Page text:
The group managed to collect more than 150 bags of weeds, trash and invasive species!
Posted on November 17, 2017 by Scot Allen
Twenty students under the leadership of teachers Jill Johnson and Daisy Pei, as well as High School Assistant Principal for Student Life Jen Grems, spent their Saturday morning, Nov. 11, clearing overgrown brush and invasive species from Kamanele Park. They worked alongside neighborhood volunteers and members of the Outdoor Circle and Malama Manoa organizations.
The students were from Johnson's Visual Art History class, Pei's "Do What You Love Club," as well as several other campus groups. The Mid-Pacific crew was joined by community members and park users. Mid-Pacific students also worked with college students (mostly from UHM, CUHm and KCC) in the Mālama I Nā Ahupuaʻa program, which is administered out of the ACCESS-Engagement office at UHM.
Despite the heat, rain, and mosquitoes, the group had fun, says Johnson. After several hours of consistent work, the group managed to collect more than 150 bags of weeds, trash and invasive species (identified by a community expert) growing on the park site near the entrance to Mid-Pacific.
The larger purpose of the cleanup, according to Johnson, is to support local organizations in preparing this historical site to be surveyed and mapped by archaeologists. There are conflicting documents regarding the original cultural purposes and usage over the years. Notably, it could contain evidence of being a pre-contact location for Ancient Hawaiians.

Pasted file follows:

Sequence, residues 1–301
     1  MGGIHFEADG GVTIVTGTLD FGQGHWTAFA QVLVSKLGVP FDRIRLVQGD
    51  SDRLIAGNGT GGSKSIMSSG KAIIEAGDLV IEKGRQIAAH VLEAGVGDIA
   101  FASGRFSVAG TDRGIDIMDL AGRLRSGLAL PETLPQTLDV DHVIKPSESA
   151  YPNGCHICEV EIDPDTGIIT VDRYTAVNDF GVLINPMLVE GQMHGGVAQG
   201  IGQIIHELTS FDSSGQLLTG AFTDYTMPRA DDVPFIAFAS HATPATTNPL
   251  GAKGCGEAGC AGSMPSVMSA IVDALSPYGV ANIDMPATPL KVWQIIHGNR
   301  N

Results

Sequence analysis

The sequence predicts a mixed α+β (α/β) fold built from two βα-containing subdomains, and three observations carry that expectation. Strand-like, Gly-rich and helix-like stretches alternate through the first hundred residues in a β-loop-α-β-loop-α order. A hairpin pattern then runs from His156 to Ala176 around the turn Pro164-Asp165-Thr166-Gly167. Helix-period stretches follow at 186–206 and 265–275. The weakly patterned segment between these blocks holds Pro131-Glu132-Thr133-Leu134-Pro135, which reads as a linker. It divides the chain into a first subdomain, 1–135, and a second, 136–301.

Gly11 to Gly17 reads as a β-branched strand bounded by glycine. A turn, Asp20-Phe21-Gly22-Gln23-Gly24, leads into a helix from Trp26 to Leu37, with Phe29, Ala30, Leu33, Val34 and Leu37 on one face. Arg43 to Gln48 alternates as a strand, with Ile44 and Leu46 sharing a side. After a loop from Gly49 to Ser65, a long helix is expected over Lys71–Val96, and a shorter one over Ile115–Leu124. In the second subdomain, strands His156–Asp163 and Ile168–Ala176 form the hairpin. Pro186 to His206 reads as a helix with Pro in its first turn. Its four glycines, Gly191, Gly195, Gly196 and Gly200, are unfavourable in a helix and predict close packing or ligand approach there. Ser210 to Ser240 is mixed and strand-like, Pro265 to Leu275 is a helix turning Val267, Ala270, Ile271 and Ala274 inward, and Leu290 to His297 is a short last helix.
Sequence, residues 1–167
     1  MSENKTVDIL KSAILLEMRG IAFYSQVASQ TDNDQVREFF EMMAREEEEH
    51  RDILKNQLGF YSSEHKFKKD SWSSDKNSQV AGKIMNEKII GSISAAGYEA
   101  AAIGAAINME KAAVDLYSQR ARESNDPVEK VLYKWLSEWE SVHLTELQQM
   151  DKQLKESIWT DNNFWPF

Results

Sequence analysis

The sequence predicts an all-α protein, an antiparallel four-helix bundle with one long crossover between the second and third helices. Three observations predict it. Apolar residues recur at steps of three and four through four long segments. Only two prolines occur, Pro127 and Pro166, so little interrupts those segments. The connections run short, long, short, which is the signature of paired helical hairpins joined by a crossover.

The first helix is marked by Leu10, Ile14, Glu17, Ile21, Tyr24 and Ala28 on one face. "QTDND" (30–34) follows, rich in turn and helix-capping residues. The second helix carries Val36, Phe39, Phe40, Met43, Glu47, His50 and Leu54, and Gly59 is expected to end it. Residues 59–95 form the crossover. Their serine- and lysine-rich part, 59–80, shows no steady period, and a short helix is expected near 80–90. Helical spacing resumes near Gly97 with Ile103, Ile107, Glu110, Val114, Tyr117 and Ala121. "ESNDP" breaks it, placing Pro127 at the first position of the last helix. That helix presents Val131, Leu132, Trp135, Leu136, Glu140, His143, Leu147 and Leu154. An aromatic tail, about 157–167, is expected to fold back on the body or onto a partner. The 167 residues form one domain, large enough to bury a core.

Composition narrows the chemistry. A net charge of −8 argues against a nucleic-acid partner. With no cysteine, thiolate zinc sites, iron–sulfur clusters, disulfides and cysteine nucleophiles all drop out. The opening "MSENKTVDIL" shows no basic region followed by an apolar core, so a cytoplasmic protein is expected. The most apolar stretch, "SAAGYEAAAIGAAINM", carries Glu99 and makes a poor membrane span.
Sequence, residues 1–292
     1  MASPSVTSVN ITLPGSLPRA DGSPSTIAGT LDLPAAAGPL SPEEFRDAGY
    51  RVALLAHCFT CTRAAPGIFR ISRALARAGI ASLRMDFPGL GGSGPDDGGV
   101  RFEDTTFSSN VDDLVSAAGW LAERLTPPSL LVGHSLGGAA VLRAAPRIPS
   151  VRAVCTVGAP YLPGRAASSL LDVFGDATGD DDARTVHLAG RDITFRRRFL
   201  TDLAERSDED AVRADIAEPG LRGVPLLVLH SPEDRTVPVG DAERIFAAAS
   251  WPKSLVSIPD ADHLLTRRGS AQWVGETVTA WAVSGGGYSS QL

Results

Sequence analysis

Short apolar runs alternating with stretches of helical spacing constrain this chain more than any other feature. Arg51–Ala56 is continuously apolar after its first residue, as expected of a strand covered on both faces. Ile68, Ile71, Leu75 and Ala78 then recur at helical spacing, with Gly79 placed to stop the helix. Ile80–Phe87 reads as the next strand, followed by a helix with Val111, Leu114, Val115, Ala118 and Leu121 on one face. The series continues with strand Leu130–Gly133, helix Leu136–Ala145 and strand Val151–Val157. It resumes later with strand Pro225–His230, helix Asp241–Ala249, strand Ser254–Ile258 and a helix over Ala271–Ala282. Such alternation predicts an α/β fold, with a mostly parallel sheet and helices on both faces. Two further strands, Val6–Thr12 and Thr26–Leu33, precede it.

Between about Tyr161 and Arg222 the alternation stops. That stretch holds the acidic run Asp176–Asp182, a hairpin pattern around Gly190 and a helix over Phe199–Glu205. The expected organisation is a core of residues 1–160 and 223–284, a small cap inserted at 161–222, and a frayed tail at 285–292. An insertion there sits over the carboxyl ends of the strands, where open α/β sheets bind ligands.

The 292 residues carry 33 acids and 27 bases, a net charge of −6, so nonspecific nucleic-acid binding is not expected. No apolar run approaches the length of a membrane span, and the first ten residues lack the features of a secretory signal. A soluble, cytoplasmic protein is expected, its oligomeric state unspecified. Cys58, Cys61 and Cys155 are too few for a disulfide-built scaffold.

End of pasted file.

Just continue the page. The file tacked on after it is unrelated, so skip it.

The student stewardship of the park is important, Johnson says, beyond mere appearance. The park site may also relate to a current site on the Mid-Pacific campus that was the subject of a recent archaeological dig. Johnson's class and another professional archaeologist, Mr. Mike Dega, are looking for evidence of tools, or perhaps structures, residential or religious in nature and possible artifacts of pre-history. "This is a really big deal to think that Mid-Pacific has the potential of housing a pre-contact site on our campus," Johnson says. "What a great combination --with Wailele Spring-- to carry out an investigation into the people who knew this space long before we did."
The next volunteer cleanup is Saturday, Nov. 18, at 8 a.m. and will be led by Malama Manoa leader Linda LeGrande and other community partners.